So the thing is that I have 50 switch chips, and 16 DAC chips. The switch chips gate the output of DACs to the proper output. Each of the chips has Clock signal, Data Input, Data Output and State Update pins. Thus, an SPI-like interface. DAC chips can be daisy-chained in a manner such that they share the common clock and state update (similar to CS) signals. The data to the whole chain is clocked through a single line that shifts data into the input of the first device into the chain and outputs data at its output which is connected to the next device in the chain.
    If all 16 DAC chips are connected into a single chain, the word to instruct all of them becomes extremely long. Because of this the speed of device operation becomes slow. But if I split this big chain into two independently instructed ones, the speed becomes sufficient. Same idea for the switch chips - they can be chained, but the instructing words become too long. In addition I would like to separate DAC and switch chips lines due to the different syntax of instructions they require.
    The data needs to clock into the chips devices at ~20 MHz rate. This is the upper limitation of their clock frequency. The speed can be less, but then the number of daisy chains should be increased to maintain the overall speed of operations.
    The amount of data that needs to be clocked is about 300-3000 kBits package every few seconds. For fast output it is preferable to store the data in the buffer of the board/controller and clock it out by receiving an external trigger signal.
     
  6. takao21203

    Distinguished Member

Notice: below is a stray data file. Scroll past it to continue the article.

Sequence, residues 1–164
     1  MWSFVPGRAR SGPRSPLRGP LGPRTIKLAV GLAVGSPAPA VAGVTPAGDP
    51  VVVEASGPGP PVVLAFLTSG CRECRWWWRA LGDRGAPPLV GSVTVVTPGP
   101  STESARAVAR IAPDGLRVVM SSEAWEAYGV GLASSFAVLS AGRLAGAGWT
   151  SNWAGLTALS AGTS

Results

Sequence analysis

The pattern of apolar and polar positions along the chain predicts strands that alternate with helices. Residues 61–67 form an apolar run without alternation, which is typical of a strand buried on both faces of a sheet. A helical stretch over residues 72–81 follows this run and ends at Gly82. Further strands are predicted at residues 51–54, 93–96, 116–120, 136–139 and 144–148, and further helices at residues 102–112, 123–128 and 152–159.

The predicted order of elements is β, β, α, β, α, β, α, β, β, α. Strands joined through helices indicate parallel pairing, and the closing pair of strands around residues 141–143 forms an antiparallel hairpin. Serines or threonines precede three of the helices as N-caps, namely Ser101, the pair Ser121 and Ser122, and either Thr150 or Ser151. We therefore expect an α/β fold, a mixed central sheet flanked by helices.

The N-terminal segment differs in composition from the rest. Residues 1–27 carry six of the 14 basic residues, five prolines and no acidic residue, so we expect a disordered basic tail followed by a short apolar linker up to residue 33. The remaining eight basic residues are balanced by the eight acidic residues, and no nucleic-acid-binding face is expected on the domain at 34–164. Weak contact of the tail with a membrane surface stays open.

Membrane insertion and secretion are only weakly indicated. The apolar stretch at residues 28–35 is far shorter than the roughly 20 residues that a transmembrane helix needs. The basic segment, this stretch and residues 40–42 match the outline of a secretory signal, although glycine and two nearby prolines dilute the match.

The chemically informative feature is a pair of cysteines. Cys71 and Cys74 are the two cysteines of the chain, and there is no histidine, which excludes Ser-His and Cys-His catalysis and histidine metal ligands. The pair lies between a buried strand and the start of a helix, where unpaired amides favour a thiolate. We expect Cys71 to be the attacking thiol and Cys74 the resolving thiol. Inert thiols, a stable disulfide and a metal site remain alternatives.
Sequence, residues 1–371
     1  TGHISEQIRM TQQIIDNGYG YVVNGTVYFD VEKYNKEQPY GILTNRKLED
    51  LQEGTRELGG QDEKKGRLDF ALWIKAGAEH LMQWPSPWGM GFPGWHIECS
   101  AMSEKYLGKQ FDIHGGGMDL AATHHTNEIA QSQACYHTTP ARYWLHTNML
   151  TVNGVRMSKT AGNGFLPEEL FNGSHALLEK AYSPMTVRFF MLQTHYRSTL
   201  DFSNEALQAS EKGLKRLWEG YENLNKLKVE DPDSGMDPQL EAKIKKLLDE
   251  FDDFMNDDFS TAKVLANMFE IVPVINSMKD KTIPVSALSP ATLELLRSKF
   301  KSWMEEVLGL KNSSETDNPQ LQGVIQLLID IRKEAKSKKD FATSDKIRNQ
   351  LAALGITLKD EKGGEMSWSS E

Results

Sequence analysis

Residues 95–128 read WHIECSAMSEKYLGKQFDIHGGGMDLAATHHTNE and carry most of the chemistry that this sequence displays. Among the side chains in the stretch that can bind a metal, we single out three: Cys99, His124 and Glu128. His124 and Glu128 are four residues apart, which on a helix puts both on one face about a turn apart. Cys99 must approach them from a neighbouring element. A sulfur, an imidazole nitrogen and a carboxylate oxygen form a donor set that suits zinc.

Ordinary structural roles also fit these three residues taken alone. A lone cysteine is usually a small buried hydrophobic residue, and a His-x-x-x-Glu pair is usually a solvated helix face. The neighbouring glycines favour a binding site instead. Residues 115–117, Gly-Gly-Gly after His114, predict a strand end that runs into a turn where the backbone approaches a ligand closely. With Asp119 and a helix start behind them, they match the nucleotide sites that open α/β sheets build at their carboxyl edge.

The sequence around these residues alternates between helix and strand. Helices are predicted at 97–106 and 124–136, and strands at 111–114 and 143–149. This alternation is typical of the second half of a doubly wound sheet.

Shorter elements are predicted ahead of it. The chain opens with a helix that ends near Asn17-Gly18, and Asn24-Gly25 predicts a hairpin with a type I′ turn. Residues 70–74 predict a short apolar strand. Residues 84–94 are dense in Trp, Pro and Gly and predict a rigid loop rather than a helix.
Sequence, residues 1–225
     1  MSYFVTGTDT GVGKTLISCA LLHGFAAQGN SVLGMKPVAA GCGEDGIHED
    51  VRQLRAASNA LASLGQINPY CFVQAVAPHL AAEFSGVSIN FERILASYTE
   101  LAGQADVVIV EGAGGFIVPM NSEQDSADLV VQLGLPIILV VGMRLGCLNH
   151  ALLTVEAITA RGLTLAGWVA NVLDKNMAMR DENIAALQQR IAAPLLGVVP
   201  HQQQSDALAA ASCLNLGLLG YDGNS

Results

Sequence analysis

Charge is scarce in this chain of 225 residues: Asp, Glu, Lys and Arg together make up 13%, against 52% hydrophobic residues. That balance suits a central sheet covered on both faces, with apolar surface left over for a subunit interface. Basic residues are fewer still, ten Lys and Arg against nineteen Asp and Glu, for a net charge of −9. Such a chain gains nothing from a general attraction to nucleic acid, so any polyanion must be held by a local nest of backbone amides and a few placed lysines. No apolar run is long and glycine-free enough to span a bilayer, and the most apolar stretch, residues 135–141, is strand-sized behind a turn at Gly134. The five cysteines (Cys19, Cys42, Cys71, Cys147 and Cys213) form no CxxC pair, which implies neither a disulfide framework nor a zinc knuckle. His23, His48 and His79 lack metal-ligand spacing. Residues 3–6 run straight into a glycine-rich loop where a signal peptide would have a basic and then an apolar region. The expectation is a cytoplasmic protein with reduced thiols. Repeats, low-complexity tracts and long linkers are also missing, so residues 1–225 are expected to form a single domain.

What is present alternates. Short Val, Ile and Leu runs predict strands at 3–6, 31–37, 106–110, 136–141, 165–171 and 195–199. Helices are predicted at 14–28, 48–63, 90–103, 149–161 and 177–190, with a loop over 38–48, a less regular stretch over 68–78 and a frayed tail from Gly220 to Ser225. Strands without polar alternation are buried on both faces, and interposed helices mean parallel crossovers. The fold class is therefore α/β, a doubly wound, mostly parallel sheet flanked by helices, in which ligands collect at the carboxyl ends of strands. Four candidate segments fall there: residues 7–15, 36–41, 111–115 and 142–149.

Apr 28, 2012
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    the new PIC32MZ has Quad SPI.
     
  7. JWHassler

    Member

    Sep 25, 2013
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    Freescale has some ARMs with 6 SPI units. An FPGA implementation could have dozens. You have a lot a scope, here.
     
  8. tshuck

    Well-Known Member

    Oct 18, 2012
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    ... Meaning depending on the application, adding more SPI buses may not help.

    This approach seems reasonable, though. What are the "switch chip" details? They sound more like shift registers.
     
  9. stroks

    Thread Starter New Member

    Aug 29, 2014
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    0
    takao21203,
    Wow, PIC32MZ has even 6 of them! Something like this would be an ultimate solution. I'm quite new to electronics in general and not very familiar with terminology. So I wonder, how would you call a device which has this controller on-board with outlet terminals for all of the 6 SPIs and communication ports to program it from PC? Getting such a thing supplied with drivers for Visual C would save a lot of effort.

    JWHassler,
    So I looked up the processors Freescale has. And the optimal microcontroller chip they have is called MPC5748G. But now, if I want to use this chip's SPIs and program them with a PC via USB, where and what board types should I look for?

    tschuck,
    The switch chips are MAX14802. They are basically arrays of 16 switches with shift registers, where each of 16 bit controls the state of the corresponding switch.